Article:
There’s been a recent outcry over airlines censoring people about what they may and may not wear when boarding commercial flights. Some think people should dress with a modicum of respect when flying. But most say, “Anything goes.”

Because airlines don’t publish specific dress codes, what’s appropriate is subjective. Not only is freedom of dress at stake, but First Amendment rights come into play. Should people be allowed to wear shirts emblazoned with four-letter “expletive deleted” words, which have different meanings for different people?

Who should have the final word as to what you (and others) wear?

Are T-shirts with political statements, e.g. “Terrists gonna kill us all,” be a reason someone is denied boarding? It was, for an Arizona State graduate student Arijit Guha, who was barred from a recent Delta flight. Guha says he wore the misspelled shirt to protest what he considers racial profiling on the part of federal security agents.

If restaurant owners can refuse to serve someone who isn’t appropriately dressed, why don’t airlines have the same rights? In reality, they do, since planes are private property and not public spaces. On the other hand, what is inappropriate to some, is OK for others.

This isn’t only a T&A (breasts and derrière) issue, but in this world of dressing down rather than dressing up, should people be permitted to board planes sporting short shorts and flip-flops? What if they’re not wearing shoes?

A recent AP story included the vague dress codes for the four largest US airlines:

      • American Airlines: Bans passengers who “are clothed in a manner that would cause discomfort or offense to other passengers.”

• Delta Air Lines: Reserves the right to remove passengers “for the comfort or safety of other passengers or Delta employees” or to prevent property damage.

• Southwest Airlines: Forbids passengers “whose clothing is lewd, obscene, or patently offensive.”

• United Airlines: Bars anyone over 5 who is barefoot “or otherwise inappropriately clothed, unless required for medical reasons.”

Even though some people wax nostalgically about when people used to wear their Sunday best when flying, that era is history. Don’t even think that people, even in the front of the plane, are on the best-dressed list. Some “rich and famous” and rock stars excel in the grunge look.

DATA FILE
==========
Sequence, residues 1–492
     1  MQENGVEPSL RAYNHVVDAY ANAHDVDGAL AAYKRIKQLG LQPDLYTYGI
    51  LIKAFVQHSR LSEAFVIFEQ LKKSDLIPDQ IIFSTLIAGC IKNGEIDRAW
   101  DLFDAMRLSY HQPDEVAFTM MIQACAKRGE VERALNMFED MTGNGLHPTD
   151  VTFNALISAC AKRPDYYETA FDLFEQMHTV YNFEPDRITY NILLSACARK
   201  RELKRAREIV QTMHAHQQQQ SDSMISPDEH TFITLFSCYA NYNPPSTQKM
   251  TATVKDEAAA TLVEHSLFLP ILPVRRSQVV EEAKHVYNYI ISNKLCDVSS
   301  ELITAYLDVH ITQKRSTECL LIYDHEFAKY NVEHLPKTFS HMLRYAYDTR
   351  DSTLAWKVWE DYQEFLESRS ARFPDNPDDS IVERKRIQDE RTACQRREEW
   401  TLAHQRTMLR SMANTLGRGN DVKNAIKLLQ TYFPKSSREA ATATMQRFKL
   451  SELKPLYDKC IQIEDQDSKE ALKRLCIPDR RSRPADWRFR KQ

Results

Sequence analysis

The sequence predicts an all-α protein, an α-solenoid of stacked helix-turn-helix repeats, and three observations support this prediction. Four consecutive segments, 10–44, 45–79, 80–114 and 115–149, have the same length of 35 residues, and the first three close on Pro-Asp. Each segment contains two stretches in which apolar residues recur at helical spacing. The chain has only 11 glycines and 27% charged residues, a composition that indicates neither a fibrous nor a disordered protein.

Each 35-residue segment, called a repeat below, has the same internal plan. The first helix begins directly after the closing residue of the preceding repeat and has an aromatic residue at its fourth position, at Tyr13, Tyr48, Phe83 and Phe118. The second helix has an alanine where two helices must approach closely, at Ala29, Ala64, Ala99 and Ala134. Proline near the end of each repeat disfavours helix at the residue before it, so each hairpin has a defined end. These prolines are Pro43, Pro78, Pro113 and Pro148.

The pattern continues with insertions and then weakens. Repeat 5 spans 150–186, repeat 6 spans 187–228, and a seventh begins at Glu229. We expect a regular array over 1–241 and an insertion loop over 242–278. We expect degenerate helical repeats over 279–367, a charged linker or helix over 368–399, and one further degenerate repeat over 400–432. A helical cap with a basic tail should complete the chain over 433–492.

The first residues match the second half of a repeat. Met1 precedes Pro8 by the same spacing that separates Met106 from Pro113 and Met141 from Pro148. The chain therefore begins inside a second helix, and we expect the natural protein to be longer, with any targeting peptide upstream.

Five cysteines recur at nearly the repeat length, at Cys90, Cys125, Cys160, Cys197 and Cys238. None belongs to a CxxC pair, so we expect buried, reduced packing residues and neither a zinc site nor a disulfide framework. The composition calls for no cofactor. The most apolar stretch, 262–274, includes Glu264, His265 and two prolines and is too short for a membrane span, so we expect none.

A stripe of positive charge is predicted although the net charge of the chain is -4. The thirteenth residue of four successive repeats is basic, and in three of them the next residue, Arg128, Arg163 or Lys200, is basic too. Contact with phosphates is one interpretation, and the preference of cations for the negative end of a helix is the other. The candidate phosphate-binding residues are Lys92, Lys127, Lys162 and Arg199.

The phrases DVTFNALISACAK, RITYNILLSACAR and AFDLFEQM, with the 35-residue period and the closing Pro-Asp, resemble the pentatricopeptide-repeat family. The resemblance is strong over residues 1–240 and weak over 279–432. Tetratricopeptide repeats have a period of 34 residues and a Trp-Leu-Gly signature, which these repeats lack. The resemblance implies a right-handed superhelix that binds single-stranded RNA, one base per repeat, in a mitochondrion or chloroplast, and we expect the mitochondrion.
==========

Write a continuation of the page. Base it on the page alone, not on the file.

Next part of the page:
A recent informal poll about flying attire elicited these answers from business travelers:

Charles Caro, Executive Director at Rebounders United, stated, “There used to be some decorum when flying, but those days are over. Today, if you show up with a paid ticket and something resembling clothing, you’re good to go. 

In fact, TSA rules have made “casual” the rule rather than the exception. I recently heard a story about a man having trouble getting through the TSA screening that was so frustrated with the metal detector he simply pulled off *all* of his clothes.”

Margaret Bennett, Managing Partner at Bennett’s At Your Service, wrote, “I sat next to a man who was very appropriately dressed, but who stunk to high heaven. Can the airlines regulate that he take a bath and wash his clothes before flying? To be honest, I’d rather sit next to a woman in a bikini (not really flying garb) than next to him, no matter how nice he looked from a healthy distance.”

Ms. Bennett continued, “

When I’m flying I just want the people I’m flying with to be mentally stable. I could care less about what they are wearing. I want to get where I’m going without a fighter jet escort or a hijacking.”

Michael Keane, Council member, appointed by the Governor of Vermont at Vermont Economic Progress Council, had an interesting perspective: “I dress neatly but casually for flying, whether on business trips or for holidays. I’d rather sit with people who dress and act the same way, but that doesn’t always happen. If someone has a paid ticket, there’s a level of contract so that the airline boards you, regardless of what you’re wearing. 

That being said, I believe that the airlines themselves are culpable for making air travel an uncivilized experience — treat passengers like necessary evils or like cattle and that’s what you may get.”

Do you agree that anything goes (when it comes to dress) when flying? If so, what can be done to make people WANT to dress a bit more when traveling? I’m not talking black-tie, but the idea of long pants and shoes does hold appeal — at least for me. What do you think, and more importantly, how and should it be monitored? Do post your thoughts.

Karen Fawcett is president of BonjourParis.